Pill made from rose-hip extract can cut arthritis pain in sufferers by 90pc
London: A new pill made from rose-hip extract has been found to reduce the agony of osteoarthritis sufferers by an astonishing 90 percent.
Human trials suggest a wonder supplement called Gopo - named after a key ingredient of the plant - could provide a breakthrough for six million Britons whose lives are blighted by joint pain.
Pills containing the supplement are now available in the UK for the first time - for just 15 pence each.
Scientists said that they have proved the herbal remedy possesses special properties which can alleviate the condition in the hand especially.
Danish researchers found the specially cultivated compound reduced nagging pain in nine out of 10 of the 30 people who took part in clinical trials.
Debilitating stiffness in finger and thumb joints - the calling card of osteoarthritis - can make tasks like opening jars, holding cutlery and tying shoelaces near to impossible.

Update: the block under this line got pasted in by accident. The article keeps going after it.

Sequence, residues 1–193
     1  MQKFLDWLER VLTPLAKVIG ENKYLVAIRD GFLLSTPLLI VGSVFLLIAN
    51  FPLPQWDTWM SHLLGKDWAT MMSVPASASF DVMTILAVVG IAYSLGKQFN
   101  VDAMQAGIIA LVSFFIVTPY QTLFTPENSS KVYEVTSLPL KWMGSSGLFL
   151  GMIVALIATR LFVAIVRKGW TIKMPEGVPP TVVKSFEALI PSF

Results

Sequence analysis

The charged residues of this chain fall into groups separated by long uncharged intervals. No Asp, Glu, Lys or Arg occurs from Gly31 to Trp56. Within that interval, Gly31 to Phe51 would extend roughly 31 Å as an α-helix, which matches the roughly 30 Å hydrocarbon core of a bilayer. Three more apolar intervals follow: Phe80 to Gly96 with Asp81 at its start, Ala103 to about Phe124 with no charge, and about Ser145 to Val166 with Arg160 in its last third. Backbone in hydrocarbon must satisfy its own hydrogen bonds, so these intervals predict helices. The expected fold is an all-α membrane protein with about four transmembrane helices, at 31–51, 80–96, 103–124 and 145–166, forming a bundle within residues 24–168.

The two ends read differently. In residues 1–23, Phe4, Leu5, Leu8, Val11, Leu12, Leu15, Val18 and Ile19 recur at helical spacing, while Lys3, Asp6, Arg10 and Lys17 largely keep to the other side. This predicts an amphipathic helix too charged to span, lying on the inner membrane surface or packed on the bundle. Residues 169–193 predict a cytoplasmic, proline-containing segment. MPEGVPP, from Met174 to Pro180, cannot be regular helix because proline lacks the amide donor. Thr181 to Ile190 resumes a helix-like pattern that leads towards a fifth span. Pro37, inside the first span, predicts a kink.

The results of investigations carried out at Frederiksberg University in Copenhagen show the natural extract could offer the closest thing to a cure.
The pill gave round-the-clock relief, and sufferers were a third less likely to use conventional painkillers after taking the supplement.
Rose-hip, also known as rose haw, is the fruit of the rose plant and is commonly used for jam, jelly, syrup, soup, wine and marmalade.
It contains high levels of vitamin C and lycopene, a powerful antioxidant that helps lower cholesterol.
Gopo was discovered more than 20 years ago in Denmark. The compound is extracted using a special patented process after drying rose-hips.
The findings are published in the Open Journal of Rheumatology and Autoimmune Disease.